Quick and Dirty Password Management with GPG/Zenity

In attempts to create a secure network at work, we have distinct passwords for everything. And they aren’t easy to remember, either. We’re talking about 14+ characters long with real large keyspaces (A-Z, a-z, 0-9, special chars). So, I wondered how I can store them all securely yet be easy to access.

I figured that GPG with a preshared key would do the trick. So then, when I want to dump my password file, I can:

gpg -o passwords.txt cryptfile.gpg

But then I realized that every time I do this, I would have to shred the password file when I’m done so a hypothetical intruder could not retrieve the data in the clear. So, how about I just dump to stdout:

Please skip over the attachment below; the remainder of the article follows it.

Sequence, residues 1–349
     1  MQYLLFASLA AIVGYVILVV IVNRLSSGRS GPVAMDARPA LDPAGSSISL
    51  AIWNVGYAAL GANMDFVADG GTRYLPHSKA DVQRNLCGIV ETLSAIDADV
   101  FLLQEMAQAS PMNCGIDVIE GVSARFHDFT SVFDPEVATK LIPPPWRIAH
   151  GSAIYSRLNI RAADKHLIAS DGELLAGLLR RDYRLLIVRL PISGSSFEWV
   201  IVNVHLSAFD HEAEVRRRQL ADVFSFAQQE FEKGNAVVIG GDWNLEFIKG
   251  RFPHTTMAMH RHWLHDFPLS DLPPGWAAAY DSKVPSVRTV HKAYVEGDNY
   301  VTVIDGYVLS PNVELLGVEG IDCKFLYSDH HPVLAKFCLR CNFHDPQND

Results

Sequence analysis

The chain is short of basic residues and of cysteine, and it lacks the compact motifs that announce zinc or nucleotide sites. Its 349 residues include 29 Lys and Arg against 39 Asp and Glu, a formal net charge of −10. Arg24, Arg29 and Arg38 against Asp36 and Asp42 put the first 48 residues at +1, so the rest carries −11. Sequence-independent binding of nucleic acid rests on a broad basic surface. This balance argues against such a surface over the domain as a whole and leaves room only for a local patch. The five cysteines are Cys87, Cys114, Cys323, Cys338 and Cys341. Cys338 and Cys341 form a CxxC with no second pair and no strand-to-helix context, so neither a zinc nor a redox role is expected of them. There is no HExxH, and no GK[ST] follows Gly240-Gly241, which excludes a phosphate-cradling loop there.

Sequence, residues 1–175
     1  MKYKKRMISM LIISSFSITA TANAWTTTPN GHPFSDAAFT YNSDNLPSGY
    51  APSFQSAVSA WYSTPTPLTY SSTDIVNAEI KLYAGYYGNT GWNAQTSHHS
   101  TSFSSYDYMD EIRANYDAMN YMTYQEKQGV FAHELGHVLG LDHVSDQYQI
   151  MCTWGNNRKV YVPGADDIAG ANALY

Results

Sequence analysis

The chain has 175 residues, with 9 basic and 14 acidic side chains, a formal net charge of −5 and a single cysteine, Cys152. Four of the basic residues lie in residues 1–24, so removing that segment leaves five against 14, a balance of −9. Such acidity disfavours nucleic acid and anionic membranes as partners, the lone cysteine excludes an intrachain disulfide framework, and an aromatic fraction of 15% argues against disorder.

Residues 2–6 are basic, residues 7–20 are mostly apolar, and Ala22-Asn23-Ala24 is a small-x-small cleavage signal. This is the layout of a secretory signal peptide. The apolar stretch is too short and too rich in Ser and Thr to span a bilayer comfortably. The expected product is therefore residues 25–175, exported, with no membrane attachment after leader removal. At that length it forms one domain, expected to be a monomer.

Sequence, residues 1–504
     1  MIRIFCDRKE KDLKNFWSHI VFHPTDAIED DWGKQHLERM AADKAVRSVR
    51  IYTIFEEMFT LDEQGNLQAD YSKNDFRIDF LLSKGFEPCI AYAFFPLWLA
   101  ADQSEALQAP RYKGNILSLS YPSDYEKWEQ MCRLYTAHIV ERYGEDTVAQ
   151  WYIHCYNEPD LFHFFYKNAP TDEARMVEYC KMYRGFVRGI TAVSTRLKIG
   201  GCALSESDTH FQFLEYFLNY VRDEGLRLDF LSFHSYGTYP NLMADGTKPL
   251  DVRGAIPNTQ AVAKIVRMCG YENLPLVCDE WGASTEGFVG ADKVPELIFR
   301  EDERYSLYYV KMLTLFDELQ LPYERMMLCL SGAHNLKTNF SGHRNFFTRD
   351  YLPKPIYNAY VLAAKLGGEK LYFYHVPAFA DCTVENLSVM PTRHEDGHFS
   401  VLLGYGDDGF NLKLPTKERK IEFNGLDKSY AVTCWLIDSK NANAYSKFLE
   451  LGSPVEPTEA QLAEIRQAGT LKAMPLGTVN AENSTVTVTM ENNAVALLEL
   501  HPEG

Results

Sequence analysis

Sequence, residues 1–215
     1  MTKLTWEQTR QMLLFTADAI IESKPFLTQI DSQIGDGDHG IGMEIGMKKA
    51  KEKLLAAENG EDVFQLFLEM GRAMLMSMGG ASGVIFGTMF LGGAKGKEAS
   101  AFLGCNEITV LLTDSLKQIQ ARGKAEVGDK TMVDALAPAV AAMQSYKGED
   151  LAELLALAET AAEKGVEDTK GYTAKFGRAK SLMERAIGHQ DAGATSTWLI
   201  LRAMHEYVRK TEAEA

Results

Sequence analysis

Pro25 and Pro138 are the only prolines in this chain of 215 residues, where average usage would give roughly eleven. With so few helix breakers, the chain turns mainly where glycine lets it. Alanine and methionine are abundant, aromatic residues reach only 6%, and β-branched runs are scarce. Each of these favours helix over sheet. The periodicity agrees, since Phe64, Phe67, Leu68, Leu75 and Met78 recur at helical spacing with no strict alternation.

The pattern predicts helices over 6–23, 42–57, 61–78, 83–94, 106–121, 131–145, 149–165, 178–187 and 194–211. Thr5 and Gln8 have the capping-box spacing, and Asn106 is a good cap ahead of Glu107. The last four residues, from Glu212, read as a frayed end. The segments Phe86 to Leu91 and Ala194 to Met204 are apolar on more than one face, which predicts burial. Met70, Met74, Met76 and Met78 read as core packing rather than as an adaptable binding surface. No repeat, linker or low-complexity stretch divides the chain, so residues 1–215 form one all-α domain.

gpg -o - cryptfile.gpg

And that’s ok.. and then my supervisor wondered if we could get this graphical somehow, and so I recommended Zenity. He quickly came up with this:

gpg -o - cryptfile.gpg | zenity --title="Host Credentials" \
--width=460 --height=680 --list --separator=" " --column="Type" \
--column="User" --column="Password" --editable &> /dev/null

You still have to run the script within a command shell to take the password, but a GTK table is generated. Just make sure your password file looks like:

gmail account
bill gates' computer

And then encrypt your file:

gpg -c passwords.txt

Sure, it’s not your password keychain program for websites, but if you have ssh accounts to a lot of places, it works great! Enjoy.